Finally, bespoke touches pull it all together. “I styled the kitchen with vintage artwork, ceramic bowls and vases, and other found objects, including a vintage rug runner,” said Ruff. “These one-of-a-kind details bring warmth and character to the modern space.”


RoofWorks Northwest

Cohesively Curated

Trio Surfaces


Shoptalk - Emily Ruff

Emily Ruff, Owner & Principal Designer, Cohesively Curated

Has there been a defining experience that has significantly influenced your design viewpoint?

The projects that are most defining for me have been projects in my own homes. I started my business with my previous home as my only portfolio project and have gone through multiple renovations and decorating projects in our current home. Designing for yourself is much more challenging and has also allowed me to truly empathize with my clients during the design and construction process.

What are some of the current influences on your work?

I really love European style of cabinetry and all details and elements that make it feel like furniture. I try to include some vintage elements (usually rugs) in my designs to bring warmth and character to brand new spaces.

Specializing in new construction, how does that impact your design process?

We do conceptual design first and then we bring in contractors to bid the project. I always recommend that clients give us their full wish list to have priced out at the beginning and then we can scale back if needed once the estimates come in. We don’t start detailed design and material selections until we are aligned on the scope of work and what that truly costs.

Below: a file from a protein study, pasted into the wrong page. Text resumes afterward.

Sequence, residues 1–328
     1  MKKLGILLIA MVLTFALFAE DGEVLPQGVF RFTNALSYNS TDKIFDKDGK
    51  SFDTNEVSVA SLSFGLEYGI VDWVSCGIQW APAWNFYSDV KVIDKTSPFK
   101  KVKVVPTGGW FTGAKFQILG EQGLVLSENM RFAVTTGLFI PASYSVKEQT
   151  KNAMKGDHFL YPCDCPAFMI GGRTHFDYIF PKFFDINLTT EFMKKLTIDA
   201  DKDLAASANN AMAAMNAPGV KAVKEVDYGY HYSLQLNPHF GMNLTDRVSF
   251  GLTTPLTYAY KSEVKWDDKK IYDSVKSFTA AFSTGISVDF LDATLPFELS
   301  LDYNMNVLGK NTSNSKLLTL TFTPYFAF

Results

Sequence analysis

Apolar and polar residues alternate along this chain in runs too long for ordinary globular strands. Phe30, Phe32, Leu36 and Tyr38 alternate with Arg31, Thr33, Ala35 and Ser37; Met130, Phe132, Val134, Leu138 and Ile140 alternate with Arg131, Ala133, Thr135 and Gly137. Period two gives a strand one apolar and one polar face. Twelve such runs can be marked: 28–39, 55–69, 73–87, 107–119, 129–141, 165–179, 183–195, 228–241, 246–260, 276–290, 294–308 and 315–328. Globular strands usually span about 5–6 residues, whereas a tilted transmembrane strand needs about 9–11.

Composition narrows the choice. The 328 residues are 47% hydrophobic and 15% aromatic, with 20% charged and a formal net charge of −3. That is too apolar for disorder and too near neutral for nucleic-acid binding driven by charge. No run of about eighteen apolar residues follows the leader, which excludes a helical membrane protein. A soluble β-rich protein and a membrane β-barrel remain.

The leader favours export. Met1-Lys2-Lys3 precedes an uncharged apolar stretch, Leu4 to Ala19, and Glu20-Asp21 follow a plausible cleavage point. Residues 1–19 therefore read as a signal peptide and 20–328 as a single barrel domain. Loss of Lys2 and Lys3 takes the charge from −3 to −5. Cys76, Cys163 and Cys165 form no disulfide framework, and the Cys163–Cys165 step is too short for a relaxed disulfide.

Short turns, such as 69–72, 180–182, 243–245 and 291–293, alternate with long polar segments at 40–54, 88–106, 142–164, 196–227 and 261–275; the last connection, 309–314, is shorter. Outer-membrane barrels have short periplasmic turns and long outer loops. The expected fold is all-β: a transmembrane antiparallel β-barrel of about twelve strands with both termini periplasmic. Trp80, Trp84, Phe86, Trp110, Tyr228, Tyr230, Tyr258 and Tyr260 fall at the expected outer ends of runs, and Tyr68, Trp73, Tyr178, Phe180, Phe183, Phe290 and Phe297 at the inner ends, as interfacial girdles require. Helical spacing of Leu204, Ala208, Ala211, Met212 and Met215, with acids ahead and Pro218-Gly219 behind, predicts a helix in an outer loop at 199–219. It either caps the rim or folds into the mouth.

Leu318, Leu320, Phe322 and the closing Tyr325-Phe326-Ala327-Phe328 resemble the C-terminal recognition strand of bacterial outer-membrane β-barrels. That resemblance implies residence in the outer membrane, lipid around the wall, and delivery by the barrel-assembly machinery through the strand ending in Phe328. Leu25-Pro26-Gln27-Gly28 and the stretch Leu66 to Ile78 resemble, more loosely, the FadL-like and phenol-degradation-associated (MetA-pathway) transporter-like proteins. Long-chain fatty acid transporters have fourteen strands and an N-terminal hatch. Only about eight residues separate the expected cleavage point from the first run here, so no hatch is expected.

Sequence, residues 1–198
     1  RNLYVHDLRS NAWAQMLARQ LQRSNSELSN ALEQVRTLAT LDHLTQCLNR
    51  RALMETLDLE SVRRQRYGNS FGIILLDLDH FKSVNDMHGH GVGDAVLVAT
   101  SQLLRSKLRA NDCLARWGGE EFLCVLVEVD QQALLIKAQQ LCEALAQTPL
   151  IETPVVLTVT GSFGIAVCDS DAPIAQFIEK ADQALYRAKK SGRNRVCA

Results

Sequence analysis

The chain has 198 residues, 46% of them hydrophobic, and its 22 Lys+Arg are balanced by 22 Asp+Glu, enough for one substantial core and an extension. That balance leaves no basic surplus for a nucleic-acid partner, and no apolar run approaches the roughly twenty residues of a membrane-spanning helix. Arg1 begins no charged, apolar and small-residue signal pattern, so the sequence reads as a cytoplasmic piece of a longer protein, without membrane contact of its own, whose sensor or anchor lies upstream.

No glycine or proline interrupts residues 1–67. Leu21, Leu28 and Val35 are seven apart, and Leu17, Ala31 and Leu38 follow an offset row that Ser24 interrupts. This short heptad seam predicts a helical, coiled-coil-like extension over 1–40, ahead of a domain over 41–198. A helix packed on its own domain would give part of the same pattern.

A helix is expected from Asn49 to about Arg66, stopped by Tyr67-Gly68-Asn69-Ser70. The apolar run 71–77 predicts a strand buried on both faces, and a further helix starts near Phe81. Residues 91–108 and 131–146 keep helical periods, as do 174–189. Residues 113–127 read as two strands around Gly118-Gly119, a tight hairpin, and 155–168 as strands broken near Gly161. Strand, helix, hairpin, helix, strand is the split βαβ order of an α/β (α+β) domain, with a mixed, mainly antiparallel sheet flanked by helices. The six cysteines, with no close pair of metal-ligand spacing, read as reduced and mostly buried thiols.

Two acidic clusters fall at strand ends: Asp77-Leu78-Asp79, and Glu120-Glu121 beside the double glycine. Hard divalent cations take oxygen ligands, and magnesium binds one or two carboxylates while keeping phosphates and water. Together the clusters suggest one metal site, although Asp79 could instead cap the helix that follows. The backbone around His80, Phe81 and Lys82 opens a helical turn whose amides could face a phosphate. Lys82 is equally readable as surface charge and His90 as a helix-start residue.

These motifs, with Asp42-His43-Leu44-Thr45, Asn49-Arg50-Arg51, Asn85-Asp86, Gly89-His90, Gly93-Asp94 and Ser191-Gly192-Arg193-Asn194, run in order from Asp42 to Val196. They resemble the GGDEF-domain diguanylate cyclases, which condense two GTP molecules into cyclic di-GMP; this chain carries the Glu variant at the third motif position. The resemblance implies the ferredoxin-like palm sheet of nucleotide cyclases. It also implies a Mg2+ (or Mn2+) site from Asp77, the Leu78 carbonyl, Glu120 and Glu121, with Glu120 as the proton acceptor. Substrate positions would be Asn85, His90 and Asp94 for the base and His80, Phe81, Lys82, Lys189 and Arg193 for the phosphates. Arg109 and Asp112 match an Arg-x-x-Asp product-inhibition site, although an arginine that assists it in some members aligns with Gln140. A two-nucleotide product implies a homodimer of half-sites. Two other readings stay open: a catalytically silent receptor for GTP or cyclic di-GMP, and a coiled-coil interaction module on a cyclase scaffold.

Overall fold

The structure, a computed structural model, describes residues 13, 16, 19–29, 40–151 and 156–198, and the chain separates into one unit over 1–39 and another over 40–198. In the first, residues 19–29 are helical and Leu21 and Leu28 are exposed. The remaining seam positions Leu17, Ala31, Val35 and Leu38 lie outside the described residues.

What was the journey to building your own firm and how has your practice evolved?

I started my business in 2017 as a side hustle while working full time as a Project Manager at Amazon. I focused on décor-only projects initially and then went back to school for kitchen and bath design and started doing more renovations and new construction. After four years of juggling both jobs and having my daughter, I decided to transition into running my business full-time in the summer of 2020 and haven’t looked back.

What kind of reaction do you hope to get from people that live in your spaces?

I always want them to love the way the space flows and functions daily. I also want clients to feel like the space is a reflection of them, but something they couldn’t have achieved on their own. Well-designed spaces should bring happiness and ease to day-to-day life, my biggest goal.

What’s the first thing you notice when you walk into a room?

I notice what isn’t working from a layout perspective. Whether it is cabinetry size and location or furniture size and configuration, I am quick to pinpoint what could be improved.

What is your favorite space in your own home and why?

My kitchen, breakfast nook and family room area is my favorite space in my home. It was the first space we renovated six months after buying the house. It is long and narrow, so the layout was tricky to figure out. We spend 80% of our time in these spaces and I still love everything about them after two years of being here.

What’s on your radar?

Color! I love neutrals and how calming they can be, but I am really inspired by the way some designers mix color and pattern so effortlessly. I am pushing myself and my clients to be more daring with color and pattern instead of playing it safe with neutrals.

Favorite place to travel? London.

Favorite era of design? Hollywood Regency, 1920s-1950s.